In its documentation, Microsoft is clear that Azure customers own their data and identities regardless of cloud deployment type. Customers are therefore responsible for protecting their data, endpoints, account, and access management. And, of course, responsibility for protecting on-premises resources remains with the customer.

Like with AWS, physical security falls to Microsoft as the cloud service provider. The remaining obligations are typically shared between customers and Microsoft. Those controls include implementing multi-factor authentication (MFA) for identity and access management (IAM). Azure is responsible the effective functioning of MFA, but the customer is ultimately responsible for configuring it.


Let’s use Google Kubernetes Engine (GKE), which is powered by GCP, to describe how the platform approaches the shared responsibility model. Like the other cloud service platforms above, Google protects the underlying infrastructure. It encrypts data at rest, uses custom-designed hardware, protects data centers from physical access, and follows secure software development practices.

Meanwhile, the customer is responsible for maintaining their workloads including their application code, container images, and IAM policy. It’s also on them to enroll clusters in auto-upgrade or upgrade clusters to supported versions, monitor the cluster and applications so that they can respond to potential issues, and provide Google with details for troubleshooting.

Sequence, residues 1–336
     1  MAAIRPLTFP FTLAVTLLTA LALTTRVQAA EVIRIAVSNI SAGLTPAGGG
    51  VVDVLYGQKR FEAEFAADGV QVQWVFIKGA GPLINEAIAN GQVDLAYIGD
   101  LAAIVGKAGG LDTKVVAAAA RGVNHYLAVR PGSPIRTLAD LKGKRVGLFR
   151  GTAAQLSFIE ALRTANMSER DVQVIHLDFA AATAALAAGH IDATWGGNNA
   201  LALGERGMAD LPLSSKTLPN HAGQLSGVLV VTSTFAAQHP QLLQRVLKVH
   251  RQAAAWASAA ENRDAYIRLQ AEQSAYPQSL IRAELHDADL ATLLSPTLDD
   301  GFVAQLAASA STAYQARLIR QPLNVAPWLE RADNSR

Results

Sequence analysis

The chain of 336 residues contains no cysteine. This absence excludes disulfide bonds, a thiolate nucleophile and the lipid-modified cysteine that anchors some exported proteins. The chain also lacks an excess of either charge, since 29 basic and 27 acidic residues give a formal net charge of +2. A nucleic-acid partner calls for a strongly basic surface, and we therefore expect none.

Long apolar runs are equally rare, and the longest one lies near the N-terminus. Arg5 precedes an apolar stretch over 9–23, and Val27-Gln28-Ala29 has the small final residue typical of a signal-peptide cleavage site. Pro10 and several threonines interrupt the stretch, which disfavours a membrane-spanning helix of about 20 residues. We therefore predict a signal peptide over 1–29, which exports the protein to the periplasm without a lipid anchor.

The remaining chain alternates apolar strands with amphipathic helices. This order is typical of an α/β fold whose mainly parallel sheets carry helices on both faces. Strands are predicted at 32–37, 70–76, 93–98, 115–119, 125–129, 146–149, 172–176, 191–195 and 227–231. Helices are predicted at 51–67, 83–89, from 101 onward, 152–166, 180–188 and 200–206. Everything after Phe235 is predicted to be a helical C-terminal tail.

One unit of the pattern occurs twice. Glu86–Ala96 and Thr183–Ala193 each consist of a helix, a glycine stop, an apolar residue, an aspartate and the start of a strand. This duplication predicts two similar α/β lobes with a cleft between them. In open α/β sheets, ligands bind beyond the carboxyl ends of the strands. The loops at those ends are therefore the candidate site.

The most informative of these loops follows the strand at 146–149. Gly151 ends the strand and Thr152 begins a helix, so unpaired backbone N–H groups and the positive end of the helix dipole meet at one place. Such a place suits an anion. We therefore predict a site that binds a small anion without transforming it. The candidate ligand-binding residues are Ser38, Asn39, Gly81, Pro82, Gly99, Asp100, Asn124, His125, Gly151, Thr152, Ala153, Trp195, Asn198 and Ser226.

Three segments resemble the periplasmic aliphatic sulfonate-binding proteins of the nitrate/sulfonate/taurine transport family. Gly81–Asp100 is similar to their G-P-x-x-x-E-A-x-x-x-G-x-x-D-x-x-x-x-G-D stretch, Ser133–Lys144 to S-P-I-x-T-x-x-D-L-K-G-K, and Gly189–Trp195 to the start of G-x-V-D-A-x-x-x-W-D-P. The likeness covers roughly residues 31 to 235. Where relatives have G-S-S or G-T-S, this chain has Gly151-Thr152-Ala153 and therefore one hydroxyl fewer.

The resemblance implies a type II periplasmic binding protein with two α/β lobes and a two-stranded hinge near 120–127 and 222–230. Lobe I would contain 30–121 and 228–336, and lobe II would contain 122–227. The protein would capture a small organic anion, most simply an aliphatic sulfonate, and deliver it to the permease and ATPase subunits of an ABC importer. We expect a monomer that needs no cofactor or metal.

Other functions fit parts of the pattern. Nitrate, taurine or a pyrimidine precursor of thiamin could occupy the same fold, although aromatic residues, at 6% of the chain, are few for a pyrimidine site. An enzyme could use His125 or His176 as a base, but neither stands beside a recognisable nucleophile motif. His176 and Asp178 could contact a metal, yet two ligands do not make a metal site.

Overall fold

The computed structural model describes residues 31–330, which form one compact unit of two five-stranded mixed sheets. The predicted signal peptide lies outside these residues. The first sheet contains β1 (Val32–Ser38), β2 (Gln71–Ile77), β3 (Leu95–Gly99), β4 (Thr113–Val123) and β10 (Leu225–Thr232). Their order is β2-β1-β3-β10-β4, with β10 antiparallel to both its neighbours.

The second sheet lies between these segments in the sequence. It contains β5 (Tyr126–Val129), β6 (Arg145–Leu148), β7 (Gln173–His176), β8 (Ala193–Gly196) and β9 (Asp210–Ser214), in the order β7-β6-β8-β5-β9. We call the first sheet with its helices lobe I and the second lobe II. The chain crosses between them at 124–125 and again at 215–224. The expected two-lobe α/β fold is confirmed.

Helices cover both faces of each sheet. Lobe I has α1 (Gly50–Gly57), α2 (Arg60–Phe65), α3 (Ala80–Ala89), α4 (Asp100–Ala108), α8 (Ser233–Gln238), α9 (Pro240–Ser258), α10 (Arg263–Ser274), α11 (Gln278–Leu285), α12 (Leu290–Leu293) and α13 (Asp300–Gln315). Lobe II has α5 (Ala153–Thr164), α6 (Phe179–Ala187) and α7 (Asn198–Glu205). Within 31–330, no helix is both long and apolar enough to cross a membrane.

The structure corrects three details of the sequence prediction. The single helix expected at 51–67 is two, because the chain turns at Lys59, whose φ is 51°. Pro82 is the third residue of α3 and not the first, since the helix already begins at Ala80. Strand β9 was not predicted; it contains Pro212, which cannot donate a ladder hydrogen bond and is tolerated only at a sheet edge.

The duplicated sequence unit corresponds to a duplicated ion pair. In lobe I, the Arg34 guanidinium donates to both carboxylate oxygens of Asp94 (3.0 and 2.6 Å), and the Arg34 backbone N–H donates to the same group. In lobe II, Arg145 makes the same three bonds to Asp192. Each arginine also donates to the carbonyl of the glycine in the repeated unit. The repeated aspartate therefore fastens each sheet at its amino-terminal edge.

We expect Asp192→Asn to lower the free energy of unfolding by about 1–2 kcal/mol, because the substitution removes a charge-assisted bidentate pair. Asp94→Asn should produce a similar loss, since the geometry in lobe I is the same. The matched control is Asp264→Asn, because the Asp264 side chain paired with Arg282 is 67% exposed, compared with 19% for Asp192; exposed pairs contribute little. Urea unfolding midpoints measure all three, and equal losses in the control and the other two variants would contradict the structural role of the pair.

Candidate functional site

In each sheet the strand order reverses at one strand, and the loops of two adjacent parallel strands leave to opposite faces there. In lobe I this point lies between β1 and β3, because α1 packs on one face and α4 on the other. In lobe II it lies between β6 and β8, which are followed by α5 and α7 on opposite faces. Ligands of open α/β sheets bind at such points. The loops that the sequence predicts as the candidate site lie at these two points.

In its documentation, AWS outlined the requirements for strong customer compliance. First, customers need to review the AWS shared responsibility model, security documentation, compliance reports, and other information so that they can document all their compliance requirements into a comprehensive security approach. Per those requirements, customers must then design and implement control objectives, identify and document controls owned by third parties, and verify that they’re meeting all their control objectives with effective security measures.


Microsoft said that customers must securely identify, label, and classify their data to be compliant. This holds true for wherever the data resides, whether in the cloud or on-premises.

Organizations can still use Microsoft products to meet their compliance obligations, though. For instance, customers can use Office Lockbox and Data Loss Prevention, capabilities that come with SaaS solutions such as Office 365 and Dynamics 365, to manage, classify, and configure their solutions to align with their compliance obligations. For PaaS, customers can leverage Azure Rights Management for data protection. Finally, IaaS customers need to consider data classification across all layers of the solution and audit deployed virtual machines within the solution itself.